In this edition of ATP Year in Review we take a look at the players who finished in the 21-25 year end ranking slots including former top 10 stalwarts Milos Raonic and Kei Nishikori, and young gun Nick Kyrgios. What lies in store in 2018 for these stars?
#25: Gilles Muller
Of the five players listed here, Muller had by far the most impressive year relative to expectations. Muller had a bit of a resurgent year in 2016. After reaching only one ATP final since 2005, he reached two in 2016 (but lost both). At age 34, he was not expected to repeat one of his best ever seasons. Not only did he continue that success, but he exceeded it. The big server put together the best season of his career and showed no signs of slowing down.
He began the season on a high note, winning in Sydney in January, the first title of his career. He made two more finals this year, losing in Estoril, but capturing a second title of the season and career in s-Hertogenbosch over fellow big server Ivo Karlovic. The two titles are impressive alone, but additionally he made finals on all three surfaces in the first six months of the season. He took his grass court success to Wimbledon and did not slow down. He won his first three matches, already his best Wimbledon result, and set up a round of 16 clash against world number two Rafael Nadal. Muller won the first two sets against the 2-time champion, before dropping two to go to a decider. The deciding set was an absolute epic, with both players refusing to budge. Muller finally won 15-13 to secure the best win of his career and reach the quarterfinals. He reached a career-high ranking of 21 a few weeks after the Championships. After moderate success on the hard courts, Muller’s age caught up to him. He played only one match after the US Open. He may return to a more limited schedule in 2018, but he has shown he can play against any player anywhere.
#24: Milos Raonic
2017 will be a year to forget for the former world number three. The tall Canadian reached the quarterfinals or better in seven of the nine Masters 1000 events in 2016, highlighted by the final at Indian Wells. Additionally, he topped the greatest player on grass ever Roger Federer at Wimbledon to reach the final there. Unfortunately, injuries prevented him from reaching that level this season.
He began the year on a high note, making the quarterfinals at the Australian Open. He made the finals in Delray Beach in the next tournament that he played, but had to retire the morning of the final due to a leg injury. After playing only one tournament in two months, he reached another final in Istanbul, this time losing to Marin Cilic. He was not able to string together many impressive performances, but played his best tennis at majors. He reached the round of 16 on his worst surface at the French Open. He continued that strong play at Wimbledon, this time falling to eventual champion Roger Federer. In August, he underwent surgery on his left wrist. The injury sidelined him for seven weeks, including the US Open. In Tokyo, his first tournament back, he retired in the second round due to a calf strain. These two injuries marked the end of a difficult season for Raonic. He is focused on making a full recovery for 2018.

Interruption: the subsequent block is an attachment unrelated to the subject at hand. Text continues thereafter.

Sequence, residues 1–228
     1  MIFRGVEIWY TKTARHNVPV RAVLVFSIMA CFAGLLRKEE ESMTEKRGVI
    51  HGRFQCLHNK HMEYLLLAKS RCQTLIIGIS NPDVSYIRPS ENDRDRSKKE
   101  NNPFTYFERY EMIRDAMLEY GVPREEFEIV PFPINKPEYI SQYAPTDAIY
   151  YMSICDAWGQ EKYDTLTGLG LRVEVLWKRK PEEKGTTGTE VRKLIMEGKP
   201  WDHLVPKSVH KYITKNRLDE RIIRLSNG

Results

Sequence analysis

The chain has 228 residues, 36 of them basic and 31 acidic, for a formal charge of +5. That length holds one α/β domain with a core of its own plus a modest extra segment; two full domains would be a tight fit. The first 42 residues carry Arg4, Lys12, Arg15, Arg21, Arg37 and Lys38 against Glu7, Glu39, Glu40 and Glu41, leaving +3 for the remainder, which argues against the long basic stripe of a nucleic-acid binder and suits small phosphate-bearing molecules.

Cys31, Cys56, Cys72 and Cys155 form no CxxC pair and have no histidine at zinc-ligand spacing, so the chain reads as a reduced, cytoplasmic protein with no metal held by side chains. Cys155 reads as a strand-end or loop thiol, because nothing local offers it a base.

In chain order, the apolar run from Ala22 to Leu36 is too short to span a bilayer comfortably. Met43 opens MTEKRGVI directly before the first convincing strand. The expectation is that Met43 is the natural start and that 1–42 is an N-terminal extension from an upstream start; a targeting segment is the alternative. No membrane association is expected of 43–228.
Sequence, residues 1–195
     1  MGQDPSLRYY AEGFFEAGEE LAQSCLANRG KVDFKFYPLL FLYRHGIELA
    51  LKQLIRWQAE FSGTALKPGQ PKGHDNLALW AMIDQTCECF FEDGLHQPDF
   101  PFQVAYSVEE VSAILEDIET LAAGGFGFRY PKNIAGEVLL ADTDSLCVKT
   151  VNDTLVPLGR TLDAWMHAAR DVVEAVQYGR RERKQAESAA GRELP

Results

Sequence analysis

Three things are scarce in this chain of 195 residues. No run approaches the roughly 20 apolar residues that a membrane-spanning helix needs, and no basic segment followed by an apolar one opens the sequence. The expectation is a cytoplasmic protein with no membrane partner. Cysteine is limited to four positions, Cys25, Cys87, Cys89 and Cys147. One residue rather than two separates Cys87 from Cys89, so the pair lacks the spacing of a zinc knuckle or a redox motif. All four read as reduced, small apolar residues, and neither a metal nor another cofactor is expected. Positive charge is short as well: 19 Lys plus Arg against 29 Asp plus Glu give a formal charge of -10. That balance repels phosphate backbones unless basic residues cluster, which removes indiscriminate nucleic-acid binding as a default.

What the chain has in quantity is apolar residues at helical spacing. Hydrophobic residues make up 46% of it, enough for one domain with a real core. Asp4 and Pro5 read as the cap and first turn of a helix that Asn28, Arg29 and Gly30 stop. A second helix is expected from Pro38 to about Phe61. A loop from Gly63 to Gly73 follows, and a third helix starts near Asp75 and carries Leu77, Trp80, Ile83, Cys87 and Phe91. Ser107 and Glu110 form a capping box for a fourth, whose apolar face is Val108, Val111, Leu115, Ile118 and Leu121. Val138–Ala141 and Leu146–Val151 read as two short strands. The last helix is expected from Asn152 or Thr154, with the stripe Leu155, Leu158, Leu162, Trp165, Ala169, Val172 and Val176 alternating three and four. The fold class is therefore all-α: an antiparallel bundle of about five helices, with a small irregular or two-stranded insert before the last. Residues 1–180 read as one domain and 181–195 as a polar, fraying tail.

Raonic showed plenty of promise this year, and injuries did hold him back, but he still achieved strong results when he was able to play. He will face a tough road back similar to Juan Martin del Potro’s where he will be a lower seed. However, 2017 gave Raonic plenty of reason to believe he can still compete at the highest level.
#23: Albert Ramos-Vinolas
After never finishing a year inside the top-50, Ramos Vinolas had a strong 2016 that saw him jump to #27, a ranking he looked to build on this year. Overall, he did not have as consistent success in 2017, but had a career defining finals appearance in Monte-Carlo that accounted for over 30% of his points for the season. He was not able to win a tournament as he did in 2016, but he made an additional final and improved his ranking, including a brief stint in the top 20.
His season did not begin well, losing three of four hard court matches. Once he transitioned to clay, his results immediately improved. He won 10 of his next 14, highlighted by a semifinal appearance in Rio and a finals appearance in Sao Paolo. After more struggles on hard courts, he put together a remarkable week in Monte-Carlo. He won five matches in a row, beating world #1 Andy Murray and world #8 Marin Cilic on the way to the final. His form on clay slowed down after that tournament, but he still managed an impressive round of 16 appearance at Roland Garros. He then managed to lose a lot of first round matches in the second half of the season. He did secure enough points from third round appearances at Wimbledon and Cincinnati. He had a high note near the end of the year, when he made the quarterfinals in Shanghai, a great result for him at a hard court tournament.